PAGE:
Telling stories with handle

Part 1: The NBA’s magical skill


Quick Henry note: The other day on BRING IT IN, David Thorpe mentioned that ball handling is the one skill every player should work on, from first grade to NBA star. That’s interesting, I thought. Why? Here, in two parts, is his answer. READ PART TWO.

How does Deandre Ayton, a fantastic and dedicated defender, allow Giannis Antetokounmpo—the two-time MVP, in the middle of the game of his life, with a title on the line—to essentially shoot a layup? Welcome to the magical power of elite dribbling. 

There are eight ways for a dribbler to attack:

  • Cross, or crossover

  • Hesitation, or hesi

  • Inside-out 

  • Spin dribble 

  • Behind the ankles

  • Around the back

  • Escape dribble

  • Through the legs 

Eight seems like a pretty small number, right? Even at the NBA level, very few players have mastered them all, so generally a defender only has to worry about three or four. Shouldn’t defenders be able to contain that?

Before you answer, bear in mind that it’s the combinations that get you. There are only six sides of a Rubik’s Cube or 26 letters in the alphabet. Yet Shakespeare took the same 26 letters we all have and combined them to tell stories in magical ways. 

"Magicians will always tell you the trick is the most important thing, but I'm more interested in telling a story." —Marco Tempest

Ball handling at the highest level is exactly the same thing. With these eight moves as building blocks, add timing, pace, and spice, and make the defense believe your story.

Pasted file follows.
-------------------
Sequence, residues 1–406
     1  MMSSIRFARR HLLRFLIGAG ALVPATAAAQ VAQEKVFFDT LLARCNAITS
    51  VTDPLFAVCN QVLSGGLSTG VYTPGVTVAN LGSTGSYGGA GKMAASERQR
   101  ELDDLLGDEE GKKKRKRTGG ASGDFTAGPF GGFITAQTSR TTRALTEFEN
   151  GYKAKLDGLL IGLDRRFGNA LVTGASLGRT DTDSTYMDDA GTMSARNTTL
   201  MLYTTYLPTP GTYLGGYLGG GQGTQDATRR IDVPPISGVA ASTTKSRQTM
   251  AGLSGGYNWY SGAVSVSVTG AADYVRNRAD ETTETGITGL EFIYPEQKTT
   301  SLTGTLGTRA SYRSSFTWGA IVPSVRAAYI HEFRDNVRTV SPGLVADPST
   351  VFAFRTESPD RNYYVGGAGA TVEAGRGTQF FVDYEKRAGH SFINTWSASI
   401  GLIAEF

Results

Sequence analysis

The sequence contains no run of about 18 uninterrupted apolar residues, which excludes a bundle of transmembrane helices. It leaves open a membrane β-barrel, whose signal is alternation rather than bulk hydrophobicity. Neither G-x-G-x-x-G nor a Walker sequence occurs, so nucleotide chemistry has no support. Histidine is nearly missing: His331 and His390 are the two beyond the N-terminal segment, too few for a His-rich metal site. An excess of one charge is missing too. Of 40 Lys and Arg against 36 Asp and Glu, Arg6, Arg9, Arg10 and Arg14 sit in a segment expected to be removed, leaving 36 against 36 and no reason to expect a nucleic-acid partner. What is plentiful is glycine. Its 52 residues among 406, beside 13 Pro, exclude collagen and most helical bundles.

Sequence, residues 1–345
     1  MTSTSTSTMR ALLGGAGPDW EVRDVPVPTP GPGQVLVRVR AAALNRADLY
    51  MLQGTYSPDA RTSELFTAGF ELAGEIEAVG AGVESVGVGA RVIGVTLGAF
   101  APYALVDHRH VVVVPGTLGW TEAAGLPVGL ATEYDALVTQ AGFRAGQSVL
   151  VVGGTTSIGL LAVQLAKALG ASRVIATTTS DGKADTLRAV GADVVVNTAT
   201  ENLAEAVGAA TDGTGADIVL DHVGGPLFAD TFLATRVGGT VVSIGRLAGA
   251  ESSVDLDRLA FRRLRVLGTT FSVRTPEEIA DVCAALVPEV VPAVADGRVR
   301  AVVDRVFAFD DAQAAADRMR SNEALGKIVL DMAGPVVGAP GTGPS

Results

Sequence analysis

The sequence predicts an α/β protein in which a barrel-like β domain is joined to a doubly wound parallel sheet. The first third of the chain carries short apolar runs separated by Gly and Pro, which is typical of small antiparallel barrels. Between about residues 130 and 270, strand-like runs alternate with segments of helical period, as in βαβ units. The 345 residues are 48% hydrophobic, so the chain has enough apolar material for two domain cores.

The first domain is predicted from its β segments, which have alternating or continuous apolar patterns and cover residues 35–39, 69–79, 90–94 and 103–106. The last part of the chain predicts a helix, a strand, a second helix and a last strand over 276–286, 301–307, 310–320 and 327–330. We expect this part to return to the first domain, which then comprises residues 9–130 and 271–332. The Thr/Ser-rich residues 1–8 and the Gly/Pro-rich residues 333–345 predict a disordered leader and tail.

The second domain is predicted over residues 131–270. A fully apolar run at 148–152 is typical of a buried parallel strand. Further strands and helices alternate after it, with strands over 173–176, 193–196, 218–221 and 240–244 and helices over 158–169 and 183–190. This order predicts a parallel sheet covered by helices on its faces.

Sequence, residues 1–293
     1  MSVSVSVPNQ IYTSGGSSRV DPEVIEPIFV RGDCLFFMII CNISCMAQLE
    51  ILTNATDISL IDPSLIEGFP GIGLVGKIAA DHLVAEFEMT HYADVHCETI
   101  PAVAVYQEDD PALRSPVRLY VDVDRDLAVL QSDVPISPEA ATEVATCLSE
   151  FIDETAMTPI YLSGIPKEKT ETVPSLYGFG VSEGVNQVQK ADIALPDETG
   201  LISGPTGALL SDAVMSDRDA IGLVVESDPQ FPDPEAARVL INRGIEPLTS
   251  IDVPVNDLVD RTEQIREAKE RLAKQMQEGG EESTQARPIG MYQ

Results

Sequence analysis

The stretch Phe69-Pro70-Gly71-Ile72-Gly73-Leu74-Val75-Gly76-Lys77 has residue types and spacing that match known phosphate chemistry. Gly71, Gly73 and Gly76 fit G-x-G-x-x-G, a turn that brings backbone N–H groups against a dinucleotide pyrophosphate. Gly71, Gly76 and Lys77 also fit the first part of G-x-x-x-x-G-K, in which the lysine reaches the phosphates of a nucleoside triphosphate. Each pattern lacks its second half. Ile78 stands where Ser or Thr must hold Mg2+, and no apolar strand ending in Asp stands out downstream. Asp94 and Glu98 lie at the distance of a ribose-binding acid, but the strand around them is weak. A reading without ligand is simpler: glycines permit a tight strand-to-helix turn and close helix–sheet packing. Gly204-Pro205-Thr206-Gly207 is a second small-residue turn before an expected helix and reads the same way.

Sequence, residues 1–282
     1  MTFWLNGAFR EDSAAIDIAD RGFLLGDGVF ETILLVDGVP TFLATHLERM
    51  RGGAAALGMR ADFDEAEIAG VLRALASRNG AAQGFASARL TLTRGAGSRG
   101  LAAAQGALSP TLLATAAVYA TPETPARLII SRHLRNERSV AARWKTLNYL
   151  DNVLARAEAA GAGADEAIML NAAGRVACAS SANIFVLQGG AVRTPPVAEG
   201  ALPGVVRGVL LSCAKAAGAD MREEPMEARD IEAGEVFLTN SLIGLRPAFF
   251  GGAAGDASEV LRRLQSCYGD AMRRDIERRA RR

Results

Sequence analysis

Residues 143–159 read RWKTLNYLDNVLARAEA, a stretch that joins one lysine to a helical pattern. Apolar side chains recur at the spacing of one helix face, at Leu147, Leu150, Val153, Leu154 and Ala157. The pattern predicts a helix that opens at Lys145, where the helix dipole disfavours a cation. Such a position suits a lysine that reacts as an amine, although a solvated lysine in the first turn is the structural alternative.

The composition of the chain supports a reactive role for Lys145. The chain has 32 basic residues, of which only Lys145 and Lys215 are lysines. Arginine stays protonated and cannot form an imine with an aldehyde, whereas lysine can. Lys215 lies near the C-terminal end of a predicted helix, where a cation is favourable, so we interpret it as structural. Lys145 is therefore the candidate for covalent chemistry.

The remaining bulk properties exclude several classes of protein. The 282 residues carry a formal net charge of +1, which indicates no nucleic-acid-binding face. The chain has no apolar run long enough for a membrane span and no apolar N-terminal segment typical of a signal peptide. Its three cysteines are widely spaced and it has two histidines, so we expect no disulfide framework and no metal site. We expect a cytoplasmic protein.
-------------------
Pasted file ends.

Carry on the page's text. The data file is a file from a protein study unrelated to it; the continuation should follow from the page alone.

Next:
Just as an illusionist distracts, scares, and delights the audience with movements and stories, setting them up for the final act that they came to see, the game’s best dribbling wizards fill defenders’ heads with ominous thoughts and a myriad of decisions to make instantly, before delivering the kill shot. Weaving yarns from handles is like soloing in jazz--first you must master the basics. The ball has to be a part of the hand, so you always know where it is.

Professor Kyrie will demonstrate.

Here’s Myles Turner, the NBA’s top shot blocker, dealing with Kyrie Irving, the league's best ball handler, coming around a screen. Turner—6-11 and armed with over a eight foot wingspan—towers nine inches over the Nets guard. Ninety-nine-plus percent of the world's 6-2 players would stand no chance at earning a shot three feet from the rim against Turner. Kyrie isn’t the only player who has hesi-go moves like this, but as Mr. Tempest says, magicians are storytellers, and Kyrie tells a beautiful one to get himself a left-handed long layup against the league’s best shot blocker.

Kyrie’s story goes like this: 

  • Myles, I just used a screen. And because I’m a good 3-point shooter off the dribble going right, your teammate followed me over the screen, which leaves you in a bit of a nightmare, in drop coverage against my whole bag of tricks. 

  • We both know I don’t want to go straight to the rim, where you dominate. We also both know I love to shoot from the “second box” below the free-throw line. You probably have a hair trigger, ready to defend against the pull-up jumper from the “second box” below the free-throw line you know I love.

  • So here’s a hesi-dribble to give you the impulse I’m pulling up. I sort of begin to stand, as if I’m ready to jump up, then…